“On winter mornings, just as the sun’s uncertain light slopes across the Tanana Flats, ravens fly over my log cabin on their daily commute to town. Perhaps, like me, they would prefer to remain here in the hills above Fairbanks, where temperatures are usually ten or twenty degrees warmer. But town is where the day’s work lies, where ravens and people earn their daily victuals. Dozens of the birds crest the ridges alone, in pairs, strung out in groups that punctuate the sky like ellipses. They sail over slopes covered with spare aspen and birch trees and descend on the city wedged between the frozen Tanana and Chena Rivers. Across other ridges, from other directions, hundreds of ravens are flying through the thin light to pick at the carcass of civilization.”
I wish I had written that. I did not.
Sherry Simpson did. One day, or more likely a series of days, she tapped into her keyboard one of the clearest descriptions of both ravens and the city of Fairbanks in winter.
Sherry died at age 60 a few weeks ago in New Mexico. She passed away from a brain tumor just a few days after doctors discovered it.
My former boss here at the Geophysical Institute once told me that Sherry was interested in this job when it came open in 1994. For some reason, Sherry ended up not applying. If she had, I would have been doing something else.
As a writing teacher at the University of Alaska Anchorage and elsewhere, Sherry gently shoved many writers to their best work. In my experience, writers improve most when challenged by good editors.
Sherry was one of those for me. We shared an office a lifetime ago, at the Fairbanks Daily News-Miner. The newsroom was an expansive space, with tiny horizontal windows near the ceiling; only the tallest could see anything but sky through them. In the air was the machine-gun fire of reporters typing on deadline.
Sherry had one of the only private offices, somewhat out of the hum. In there, she was smiley and helpful, and she found funniness in many things. And, man, could she write.
Writing is a hard thing to teach. There is structure and formula to it, and I guess some people think of those elements as they write. But Sherry advised me to just let ‘er fly. And then rewrite, rewrite, rewrite.
Though I had not seen her in years, she is sometimes part of my routine. Once in a while, before starting a column, I read an essay of Sherry’s, to warm up my neurons. After a few paragraphs, I hear her slow, sure cadence. I try to duplicate that beat. As Bono said, every poet is a thief.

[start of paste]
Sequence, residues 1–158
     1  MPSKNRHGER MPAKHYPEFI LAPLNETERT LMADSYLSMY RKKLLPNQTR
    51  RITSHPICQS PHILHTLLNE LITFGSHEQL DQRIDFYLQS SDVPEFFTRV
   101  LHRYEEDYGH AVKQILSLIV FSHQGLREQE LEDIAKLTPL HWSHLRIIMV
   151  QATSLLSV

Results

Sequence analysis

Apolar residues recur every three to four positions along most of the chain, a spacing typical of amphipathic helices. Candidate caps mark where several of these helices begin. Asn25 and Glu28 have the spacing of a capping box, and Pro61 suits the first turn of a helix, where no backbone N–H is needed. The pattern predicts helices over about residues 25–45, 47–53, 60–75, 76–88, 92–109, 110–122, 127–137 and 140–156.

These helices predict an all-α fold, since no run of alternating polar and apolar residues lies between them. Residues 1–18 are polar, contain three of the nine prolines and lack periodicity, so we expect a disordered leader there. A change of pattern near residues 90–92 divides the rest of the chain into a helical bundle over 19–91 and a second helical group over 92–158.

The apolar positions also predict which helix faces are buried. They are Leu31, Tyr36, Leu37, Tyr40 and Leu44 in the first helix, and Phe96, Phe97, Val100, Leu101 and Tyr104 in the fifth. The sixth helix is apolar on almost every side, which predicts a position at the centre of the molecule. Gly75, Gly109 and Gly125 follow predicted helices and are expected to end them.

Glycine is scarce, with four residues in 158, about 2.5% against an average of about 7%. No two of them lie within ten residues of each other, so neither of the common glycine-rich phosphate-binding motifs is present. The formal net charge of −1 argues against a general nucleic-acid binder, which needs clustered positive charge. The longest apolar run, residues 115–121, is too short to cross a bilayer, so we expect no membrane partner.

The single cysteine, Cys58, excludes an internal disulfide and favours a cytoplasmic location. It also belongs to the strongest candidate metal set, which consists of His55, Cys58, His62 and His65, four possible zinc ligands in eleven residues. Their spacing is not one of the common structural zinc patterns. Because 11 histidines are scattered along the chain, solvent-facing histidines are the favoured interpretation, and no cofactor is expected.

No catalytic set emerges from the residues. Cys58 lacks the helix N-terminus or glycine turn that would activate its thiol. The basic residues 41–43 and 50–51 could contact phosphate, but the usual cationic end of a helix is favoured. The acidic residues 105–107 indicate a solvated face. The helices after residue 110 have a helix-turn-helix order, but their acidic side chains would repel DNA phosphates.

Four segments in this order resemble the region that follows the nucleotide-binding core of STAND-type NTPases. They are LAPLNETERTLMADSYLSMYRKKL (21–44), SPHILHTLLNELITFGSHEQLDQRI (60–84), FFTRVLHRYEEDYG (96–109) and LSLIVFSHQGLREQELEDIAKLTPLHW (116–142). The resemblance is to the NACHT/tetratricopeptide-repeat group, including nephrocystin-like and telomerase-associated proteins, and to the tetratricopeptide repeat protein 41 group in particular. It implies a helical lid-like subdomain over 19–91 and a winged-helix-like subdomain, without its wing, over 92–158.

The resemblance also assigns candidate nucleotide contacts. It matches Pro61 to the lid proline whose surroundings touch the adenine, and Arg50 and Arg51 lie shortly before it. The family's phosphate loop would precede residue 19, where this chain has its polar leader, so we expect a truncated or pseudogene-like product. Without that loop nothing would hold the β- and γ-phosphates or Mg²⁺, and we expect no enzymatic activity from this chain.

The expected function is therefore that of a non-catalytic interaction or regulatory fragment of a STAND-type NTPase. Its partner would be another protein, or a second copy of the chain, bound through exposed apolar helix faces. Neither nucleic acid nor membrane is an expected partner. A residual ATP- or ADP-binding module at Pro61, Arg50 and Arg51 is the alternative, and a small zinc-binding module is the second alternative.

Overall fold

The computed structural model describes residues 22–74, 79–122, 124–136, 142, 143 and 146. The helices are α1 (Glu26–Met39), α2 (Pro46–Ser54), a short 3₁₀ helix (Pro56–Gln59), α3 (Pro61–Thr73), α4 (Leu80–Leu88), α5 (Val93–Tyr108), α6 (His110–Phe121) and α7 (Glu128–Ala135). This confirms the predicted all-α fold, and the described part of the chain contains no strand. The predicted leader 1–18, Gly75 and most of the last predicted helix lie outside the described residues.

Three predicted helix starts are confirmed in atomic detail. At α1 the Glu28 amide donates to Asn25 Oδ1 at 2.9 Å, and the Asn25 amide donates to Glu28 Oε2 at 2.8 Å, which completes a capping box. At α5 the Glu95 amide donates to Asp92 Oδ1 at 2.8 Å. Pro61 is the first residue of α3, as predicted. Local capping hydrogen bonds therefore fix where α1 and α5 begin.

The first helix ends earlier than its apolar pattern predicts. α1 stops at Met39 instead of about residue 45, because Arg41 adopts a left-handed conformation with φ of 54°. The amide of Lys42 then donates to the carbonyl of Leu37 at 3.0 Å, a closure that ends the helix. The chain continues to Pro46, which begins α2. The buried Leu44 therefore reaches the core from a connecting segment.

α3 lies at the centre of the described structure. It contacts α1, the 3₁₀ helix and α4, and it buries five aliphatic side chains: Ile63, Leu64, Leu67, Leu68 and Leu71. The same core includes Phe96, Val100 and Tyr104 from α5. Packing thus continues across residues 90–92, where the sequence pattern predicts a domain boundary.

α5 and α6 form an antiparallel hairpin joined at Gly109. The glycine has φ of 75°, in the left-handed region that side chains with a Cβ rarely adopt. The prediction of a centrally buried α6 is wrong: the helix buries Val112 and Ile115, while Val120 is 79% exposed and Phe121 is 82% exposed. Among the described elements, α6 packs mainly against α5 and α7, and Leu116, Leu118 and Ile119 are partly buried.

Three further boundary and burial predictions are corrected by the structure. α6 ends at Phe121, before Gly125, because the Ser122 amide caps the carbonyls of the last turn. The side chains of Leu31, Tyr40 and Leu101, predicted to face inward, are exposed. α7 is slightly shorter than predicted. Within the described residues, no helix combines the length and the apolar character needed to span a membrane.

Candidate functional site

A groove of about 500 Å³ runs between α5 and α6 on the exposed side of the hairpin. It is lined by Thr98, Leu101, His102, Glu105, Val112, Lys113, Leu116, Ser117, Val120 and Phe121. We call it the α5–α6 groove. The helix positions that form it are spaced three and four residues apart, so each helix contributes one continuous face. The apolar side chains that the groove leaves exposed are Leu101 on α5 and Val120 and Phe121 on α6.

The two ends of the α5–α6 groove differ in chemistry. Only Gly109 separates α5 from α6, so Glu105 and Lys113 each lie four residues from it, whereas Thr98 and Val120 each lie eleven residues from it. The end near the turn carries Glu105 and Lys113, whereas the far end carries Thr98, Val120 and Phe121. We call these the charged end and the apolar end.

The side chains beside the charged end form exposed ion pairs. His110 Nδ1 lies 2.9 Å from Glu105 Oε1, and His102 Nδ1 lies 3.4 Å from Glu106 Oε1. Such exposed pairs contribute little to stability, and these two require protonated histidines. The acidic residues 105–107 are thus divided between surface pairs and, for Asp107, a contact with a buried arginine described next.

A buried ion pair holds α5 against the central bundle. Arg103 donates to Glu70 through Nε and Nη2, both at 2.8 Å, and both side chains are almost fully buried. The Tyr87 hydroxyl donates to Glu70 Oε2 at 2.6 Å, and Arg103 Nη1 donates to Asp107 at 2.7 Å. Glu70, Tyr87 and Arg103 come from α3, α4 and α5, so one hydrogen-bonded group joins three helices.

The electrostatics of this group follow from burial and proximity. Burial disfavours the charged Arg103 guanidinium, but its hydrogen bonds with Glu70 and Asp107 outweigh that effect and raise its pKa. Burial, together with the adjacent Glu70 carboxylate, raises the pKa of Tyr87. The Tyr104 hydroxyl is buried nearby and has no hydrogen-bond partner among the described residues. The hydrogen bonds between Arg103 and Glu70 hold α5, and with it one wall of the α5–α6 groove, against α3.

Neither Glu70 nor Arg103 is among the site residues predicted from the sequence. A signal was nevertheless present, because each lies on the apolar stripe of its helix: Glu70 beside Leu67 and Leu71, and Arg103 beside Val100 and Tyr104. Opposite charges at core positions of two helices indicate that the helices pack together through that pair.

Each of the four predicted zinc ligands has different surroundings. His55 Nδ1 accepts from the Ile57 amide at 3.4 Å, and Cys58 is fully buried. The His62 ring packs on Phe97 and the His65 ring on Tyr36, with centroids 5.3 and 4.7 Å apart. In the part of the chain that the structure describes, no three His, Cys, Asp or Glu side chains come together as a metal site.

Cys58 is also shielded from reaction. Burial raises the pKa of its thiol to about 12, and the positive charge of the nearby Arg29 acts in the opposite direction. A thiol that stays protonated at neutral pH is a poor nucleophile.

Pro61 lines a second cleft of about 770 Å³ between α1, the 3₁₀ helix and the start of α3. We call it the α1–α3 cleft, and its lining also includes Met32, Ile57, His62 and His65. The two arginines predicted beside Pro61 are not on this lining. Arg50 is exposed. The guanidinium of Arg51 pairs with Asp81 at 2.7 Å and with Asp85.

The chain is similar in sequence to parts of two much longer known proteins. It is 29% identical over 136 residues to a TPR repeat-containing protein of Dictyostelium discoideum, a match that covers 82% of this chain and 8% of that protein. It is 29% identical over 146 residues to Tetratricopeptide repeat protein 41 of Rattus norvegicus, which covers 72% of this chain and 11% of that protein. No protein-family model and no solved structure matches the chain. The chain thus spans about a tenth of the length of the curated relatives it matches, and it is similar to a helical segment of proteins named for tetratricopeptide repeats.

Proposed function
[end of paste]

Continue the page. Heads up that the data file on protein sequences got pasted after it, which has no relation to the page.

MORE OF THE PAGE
Sherry once told writer Andromeda Romano-Lax that she wrote guided more by her intuition than her intellect.
“Muddling through seems to be my time-tested strategy,” Sherry said.
After Sherry’s muddle was complete, the reader was left with a writer’s most-effective gift — images painted on our mind-screens:
“When daylight eases from the sky several hours later, the ravens return the same way they came, like arrows loosed toward the twilight gathering at the northern edge of the world.”
I have watched those black arrows arc out of town. And I have written about them. But when I sit at the computer for those sessions, I avoid reading Sherry’s take on the same subject. That would be like picking up the guitar and trying to play an Eddie Van Halen riff.
In addition to her skill at planting pictures in readers’ heads, the Sherry Difference included never settling for a lazy verb:
“At forty below and colder, when the rest of us are feeling pretty damn sorry for ourselves, the ravens are still out there on the mean streets, hunched atop light poles, poking through garbage bags, fluffing out feathers until they look like cranky old men in down parkas.”
Her raven story, which first appeared in Alaska magazine and endures in her book of essays “The Way Winter Comes,” is one of my favorite examples of science writing. The word science makes readers expect something hard, but Sherry entertained us into learning something.
Consider this passage, a closing tribute to a modest superstar:
“Until I moved to this small cabin on the ridge, I had somehow missed the most intriguing and mysterious thing about ravens — that daily passage from darkness into daylight and back again. The raven re-enacts the physical and metaphorical journey every northerner makes from fall into spring. Winter is literally a turning-away from the light, a tilt of the globe that spins us into the spacious territory of night. The night offers its own solace — the hard, familiar stars, the oceanic incandescence of the aurora borealis. But we measure our pilgrimage through winter in increments of sun: minutes of light lost or gained, the shifting balance between day and night.
“This much is known: At twilight the ravens are bound for roosts far beyond the city, where they settle companionably among the branches of spruce trees for the night. Think of them out there, scraps of living night rustling and shifting under a sky less black than they are.”
Since the late 1970s, the University of Alaska Fairbanks’ Geophysical Institute has provided this column free in cooperation with the UAF research community. Ned Rozell is a science writer for the Geophysical Institute.